NEW SHARON - A six-year-old has his own brood to take care of after winning a unique statewide essay contest.
James Davis Jr., is now the proud owner of six chickens, a rooster, a fancy new chicken coop to shelter them and a year's worth of free grain to keep those eggs coming.
The Maine Poultry Connection sponsored the chicken coop giveaway with one boy and one girl winning the contest by writing an essay to explain why they want to keep chickens and how they think it will benefit them. Parents were also asked for their plan on taking care of chickens.
Scott DeMoranville of 4D's Farm in Bradford has raised poultry for decades and started The Maine Poultry Connection four years ago to help beginner families who need to know how to get started. He came up with the contest idea and had six volunteer advisory committee members reading through a share of the 140 entries sent in from budding young poultry farmers across the state.
Davis's hand-written essay explained he "could show my baby cousin Carson how to be a good farmer. He's from the city so I have to show him where eggs come from. He needs to know what chickens say too. I would like to eat fresh eggs with Carson and my sisters."
DeMoranville said the contest's judges were struck by the six-year-old's intent "to spread the infection of wanting chickens beyond himself" and that "he felt the need to show his cousin where eggs come from. That's pretty in depth for a boy that age," he said.
Davis began his essay by saying he should win "because I really, really want to show chickens to get lots of trophies. My sister shows cows and I like cows but I think I'd be very good at showing chickens. I could win a lot of shows with my chickens."
He ends his essay with "It would make me very happy to care for them. Thank you very much, James Davis."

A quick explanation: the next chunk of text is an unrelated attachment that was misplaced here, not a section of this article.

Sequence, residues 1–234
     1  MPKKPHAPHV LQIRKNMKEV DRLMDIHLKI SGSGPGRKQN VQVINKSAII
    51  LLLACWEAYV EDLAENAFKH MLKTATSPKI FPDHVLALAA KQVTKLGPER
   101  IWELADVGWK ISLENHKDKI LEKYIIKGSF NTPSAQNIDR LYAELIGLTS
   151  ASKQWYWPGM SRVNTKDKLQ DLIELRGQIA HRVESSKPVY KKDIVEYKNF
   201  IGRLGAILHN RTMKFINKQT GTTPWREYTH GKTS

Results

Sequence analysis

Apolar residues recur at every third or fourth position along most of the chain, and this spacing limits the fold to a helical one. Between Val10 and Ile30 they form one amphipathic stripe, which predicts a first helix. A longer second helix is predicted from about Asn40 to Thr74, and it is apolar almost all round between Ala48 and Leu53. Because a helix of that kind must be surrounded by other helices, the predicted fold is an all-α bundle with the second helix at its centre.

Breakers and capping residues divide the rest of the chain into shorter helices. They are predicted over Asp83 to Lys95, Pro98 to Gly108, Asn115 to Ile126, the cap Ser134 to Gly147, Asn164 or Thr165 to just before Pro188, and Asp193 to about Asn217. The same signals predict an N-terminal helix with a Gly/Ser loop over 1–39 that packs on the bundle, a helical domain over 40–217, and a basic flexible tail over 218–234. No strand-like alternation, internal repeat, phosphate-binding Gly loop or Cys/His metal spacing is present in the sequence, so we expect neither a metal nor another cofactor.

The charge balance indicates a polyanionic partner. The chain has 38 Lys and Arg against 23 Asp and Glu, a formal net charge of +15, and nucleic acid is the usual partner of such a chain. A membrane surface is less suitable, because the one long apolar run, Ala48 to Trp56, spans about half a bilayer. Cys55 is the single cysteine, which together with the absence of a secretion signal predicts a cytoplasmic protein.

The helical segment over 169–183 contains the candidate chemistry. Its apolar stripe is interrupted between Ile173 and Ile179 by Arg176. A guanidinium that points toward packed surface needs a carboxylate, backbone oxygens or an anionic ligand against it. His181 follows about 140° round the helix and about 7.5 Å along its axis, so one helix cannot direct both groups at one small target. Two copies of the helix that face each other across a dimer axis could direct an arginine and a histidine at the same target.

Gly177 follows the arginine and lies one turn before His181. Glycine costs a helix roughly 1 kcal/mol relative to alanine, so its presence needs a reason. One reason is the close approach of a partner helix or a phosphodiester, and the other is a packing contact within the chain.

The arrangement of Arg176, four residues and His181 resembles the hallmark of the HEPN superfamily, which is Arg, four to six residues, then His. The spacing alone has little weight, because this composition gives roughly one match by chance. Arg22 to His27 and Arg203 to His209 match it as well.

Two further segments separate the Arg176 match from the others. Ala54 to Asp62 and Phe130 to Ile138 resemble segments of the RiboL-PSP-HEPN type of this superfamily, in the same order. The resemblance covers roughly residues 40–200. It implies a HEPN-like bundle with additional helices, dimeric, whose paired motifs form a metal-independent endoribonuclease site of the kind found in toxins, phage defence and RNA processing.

The first contest judge from the town of Prospect chose Davis's essay as her first pick for one written by a boy, and the committee, selecting from the top picks of the judges, was unanimous in choosing Davis as the award winner.
"It was a tough decision for us because there were so many good ones," DeMoranville said. This is the first year of the contest and the group intends to hold it each year.
The contest's goal is to ignite children with an interest in raising poultry with little or no experience themselves. According to the contest rules, the giveaway "is an effort to help young people realize the enjoyment of keeping poultry and understand the benefits and pride in raising a backyard flock for eggs and enjoyment."
Through the more than 4,700 connection members, funding was raised to provide for a new chicken coop, henyard, feeder, water fountain, a garment with the MPC logo, a copy of the American Standard of Perfection and donated the chickens. In addition, Blue Seal Feeds of Bangor agreed to supply each of the state's two winners with a 50-pound bag of chicken feed a month for the first year. Kendall Killam, 5, of Monson, was the other top contest winner. There were 10 runners up who will receive a sweatshirt with a logo and subscription to Poultry Magazine.
"We all were surprised when we got the call he had won," Davis's father, Jim Davis said.
On Sunday, the Mallett School student's prize, which also included a rooster, arrived at the family's Silver Valley Farm, a fifth generation dairy producer, on Farmington Falls Road.
"We kept it a secret on when they were coming to deliver the coop and chickens. He saw them come around the corner of our driveway and was jumping up and down with excitement that his chicken coop and chickens were here."
"I knew we made a good choice when James was first in line to take the first hen and place it in the coop," DeMoranville said. As a carpentry/voc-tech instructor for the Department of Corrections, he was asked if next year's contest winner coops could be made by inmates. Delighted to, DeMoranville said it will not only be a great experience for the inmates in his classes, but will cut down on the cost of building the chicken coops. "That means we can make more to give to more kids," he said.
Ever since his prize-winnings arrived two days ago, "he has been out with his chickens checking on them. He is one very happy and thankful boy," his father said.
Below is award-winning essay written by James Davis. Jr.
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